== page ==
Spousal support or alimony is a system in which one spouse pays an income to the other after a divorce. Courts will usually require spousal support for cases in which all or most of the income for the married couple came from only one spouse. This is because the court assumes the unemployed spouse contributed to the marriage in non-financial ways such as homemaking and childrearing. It can be argued that the stay-at-home spouse has been removed from the job market due to their contributions to their marriage and therefore is entitled to financial assistance for a period of time. How long the alimony must be paid and what circumstances will cause it to stop can vary wildly from couple to couple.
How Is Alimony Decided?
The court will consider many aspects of the marriage and the divorcing parties individually when coming up with a fair spousal support plan. In the case of young spouses with many more earning years ahead of them, alimony may only last a few years. The support may even be explicitly directed at training or education that will eventually lead to the stay-at-home spouse supporting themselves. Alternatively, if a marriage was very long and the spouses are now senior citizens, a more permanent type of alimony may be utilized.
In order for the court to decide where along the spectrum of these examples to fall on, they will examine the following determining factors:
- The earning capacity of each spouse
- How much the stay-at-home spouse may have contributed to the other’s education, career, or licensure
- The standard of living each spouse was accustomed to before the divorce
- The length of the marriage
- The goal that the alimony will ultimately achieve
Types Of Alimony
There are three common types of alimony that are used for most divorce cases where spousal support is necessary.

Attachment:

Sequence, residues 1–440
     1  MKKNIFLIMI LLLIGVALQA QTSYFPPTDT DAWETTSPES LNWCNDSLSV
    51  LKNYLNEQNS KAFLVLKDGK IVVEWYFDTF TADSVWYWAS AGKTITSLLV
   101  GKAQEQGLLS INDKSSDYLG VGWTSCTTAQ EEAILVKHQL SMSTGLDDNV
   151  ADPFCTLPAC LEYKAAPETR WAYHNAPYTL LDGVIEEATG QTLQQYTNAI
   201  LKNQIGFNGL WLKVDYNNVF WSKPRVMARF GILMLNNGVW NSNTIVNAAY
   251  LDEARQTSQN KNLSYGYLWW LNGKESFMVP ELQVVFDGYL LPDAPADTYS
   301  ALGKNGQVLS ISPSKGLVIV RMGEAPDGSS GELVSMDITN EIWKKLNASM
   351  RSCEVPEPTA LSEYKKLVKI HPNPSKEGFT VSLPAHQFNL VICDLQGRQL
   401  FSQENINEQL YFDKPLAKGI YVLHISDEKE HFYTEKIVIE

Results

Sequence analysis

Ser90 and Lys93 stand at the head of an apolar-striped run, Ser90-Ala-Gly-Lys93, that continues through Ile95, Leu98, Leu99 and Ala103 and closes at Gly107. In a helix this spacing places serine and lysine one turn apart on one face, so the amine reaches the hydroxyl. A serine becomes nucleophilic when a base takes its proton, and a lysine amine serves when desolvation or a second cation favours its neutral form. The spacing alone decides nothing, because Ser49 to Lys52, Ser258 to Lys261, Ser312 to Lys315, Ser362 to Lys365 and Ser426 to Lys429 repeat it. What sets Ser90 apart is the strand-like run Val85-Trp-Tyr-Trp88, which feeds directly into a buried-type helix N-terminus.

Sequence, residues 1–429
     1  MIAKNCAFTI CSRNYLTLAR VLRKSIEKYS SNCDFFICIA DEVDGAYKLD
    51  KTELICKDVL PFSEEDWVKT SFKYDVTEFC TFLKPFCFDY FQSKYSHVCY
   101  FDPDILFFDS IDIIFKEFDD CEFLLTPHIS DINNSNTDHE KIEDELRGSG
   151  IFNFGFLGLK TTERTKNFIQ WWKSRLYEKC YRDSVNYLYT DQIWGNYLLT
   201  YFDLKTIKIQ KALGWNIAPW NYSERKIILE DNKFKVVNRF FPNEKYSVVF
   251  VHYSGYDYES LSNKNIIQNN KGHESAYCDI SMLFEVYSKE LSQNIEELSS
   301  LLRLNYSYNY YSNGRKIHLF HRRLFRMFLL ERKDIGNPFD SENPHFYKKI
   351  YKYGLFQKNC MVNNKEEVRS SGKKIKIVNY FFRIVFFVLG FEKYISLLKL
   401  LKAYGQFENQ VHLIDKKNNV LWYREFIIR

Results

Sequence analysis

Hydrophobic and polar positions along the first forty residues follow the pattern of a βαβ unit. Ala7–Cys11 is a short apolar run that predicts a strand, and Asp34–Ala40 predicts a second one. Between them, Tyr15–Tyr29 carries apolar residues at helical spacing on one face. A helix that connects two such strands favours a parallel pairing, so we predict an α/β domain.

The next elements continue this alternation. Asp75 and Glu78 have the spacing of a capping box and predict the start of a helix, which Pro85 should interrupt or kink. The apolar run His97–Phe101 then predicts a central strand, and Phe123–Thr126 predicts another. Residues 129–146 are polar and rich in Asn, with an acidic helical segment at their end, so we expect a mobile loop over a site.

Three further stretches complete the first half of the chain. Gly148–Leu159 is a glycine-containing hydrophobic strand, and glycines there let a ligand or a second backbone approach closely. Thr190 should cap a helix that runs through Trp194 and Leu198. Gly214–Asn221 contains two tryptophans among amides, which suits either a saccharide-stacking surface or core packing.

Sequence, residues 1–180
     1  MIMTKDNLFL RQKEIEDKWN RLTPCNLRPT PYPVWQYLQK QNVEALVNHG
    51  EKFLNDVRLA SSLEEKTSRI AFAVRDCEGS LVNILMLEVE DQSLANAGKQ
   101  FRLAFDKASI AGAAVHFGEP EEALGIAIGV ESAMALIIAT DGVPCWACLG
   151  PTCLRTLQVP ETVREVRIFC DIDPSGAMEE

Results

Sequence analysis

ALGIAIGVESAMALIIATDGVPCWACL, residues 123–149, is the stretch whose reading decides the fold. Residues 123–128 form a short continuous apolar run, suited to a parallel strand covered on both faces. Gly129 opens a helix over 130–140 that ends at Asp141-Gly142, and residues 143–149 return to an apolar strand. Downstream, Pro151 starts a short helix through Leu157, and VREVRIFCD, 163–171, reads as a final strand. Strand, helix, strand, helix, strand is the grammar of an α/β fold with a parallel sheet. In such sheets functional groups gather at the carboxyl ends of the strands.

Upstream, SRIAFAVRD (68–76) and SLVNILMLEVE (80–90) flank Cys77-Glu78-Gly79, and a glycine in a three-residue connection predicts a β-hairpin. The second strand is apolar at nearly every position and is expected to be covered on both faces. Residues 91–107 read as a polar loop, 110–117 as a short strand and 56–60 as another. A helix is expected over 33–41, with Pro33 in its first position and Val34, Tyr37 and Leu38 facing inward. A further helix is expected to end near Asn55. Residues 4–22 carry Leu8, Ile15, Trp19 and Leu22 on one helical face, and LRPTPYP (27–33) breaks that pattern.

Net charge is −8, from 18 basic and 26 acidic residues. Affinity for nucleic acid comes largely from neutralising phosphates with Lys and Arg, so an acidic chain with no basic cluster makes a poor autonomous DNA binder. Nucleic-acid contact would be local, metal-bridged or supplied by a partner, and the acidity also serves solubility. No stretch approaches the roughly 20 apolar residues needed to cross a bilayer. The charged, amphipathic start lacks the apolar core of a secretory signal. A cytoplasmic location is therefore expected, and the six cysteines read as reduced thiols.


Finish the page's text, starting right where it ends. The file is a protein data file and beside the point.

Periodic alimony can be either temporary or permanent, depending on the factors above. This type of spousal support is paid periodically for an indefinite amount of time. The amount paid each month can usually be negotiated throughout the required length of the payments. For instance, if the supporting party loses a job or their income is reduced, they can request that the divorce court lower the amount they are required to pay. The same is true if the supported party goes through a significant life event. If they become chronically ill, they may request the monthly payments increase. Also, if they get remarried or cohabitate with a new partner, the payments may decrease or stop all together. Periodic alimony is an ongoing negotiation that can change based on the circumstances.
Lump-Sum alimony is usually paid in one or two large payments in which the total amount of agreed-upon spousal support is paid all at the same time. As you can imagine, there is little room for negotiation down the road because the alimony payments have started and stopped in one instance. This can be particularly beneficial for couples who do not wish to have the ongoing relationship that periodic alimony may require. It can, however, be a bad idea for the supported party if they have no experience managing finances over time.
Most instances of alimony are rehabilitative. That means the payments are made for the express purpose of “rehabilitating” the supported party back into the workforce. The court will require proof that the money is being spent on education and training to improve the spouse’s hire-ability. After an appropriate amount of time, the payments will stop, and the supported party will be able to support themselves.
When Does Alimony End?
Spousal support ends when the court agrees that the goal of the alimony has been met. Depending on the factors above, the purpose of alimony may be to support the spouse indefinitely, train them to rejoin the workforce, or pay them a single lump sum with no continued contact. Permanent periodic alimony may only end when the supported party remarries, or either party dies.
Does Alimony End If I Get Remarried?
If you are the supporting spouse, the answer is no. Your intentions to remarry have no bearing on the needs of your former spouse. Alimony payments will continue to be required until one of the circumstances mentioned above occurs. If you are the supported spouse, the answer is yes. Alimony you receive from your ex can stop immediately if you are remarried or you move in with a new partner. The court will consider you to be supported and the requirements placed on your ex null and void.
If you have questions about how your alimony payments will be affected by changing circumstances, call The Law Offices of Rusty Williard at (601) 824-9797.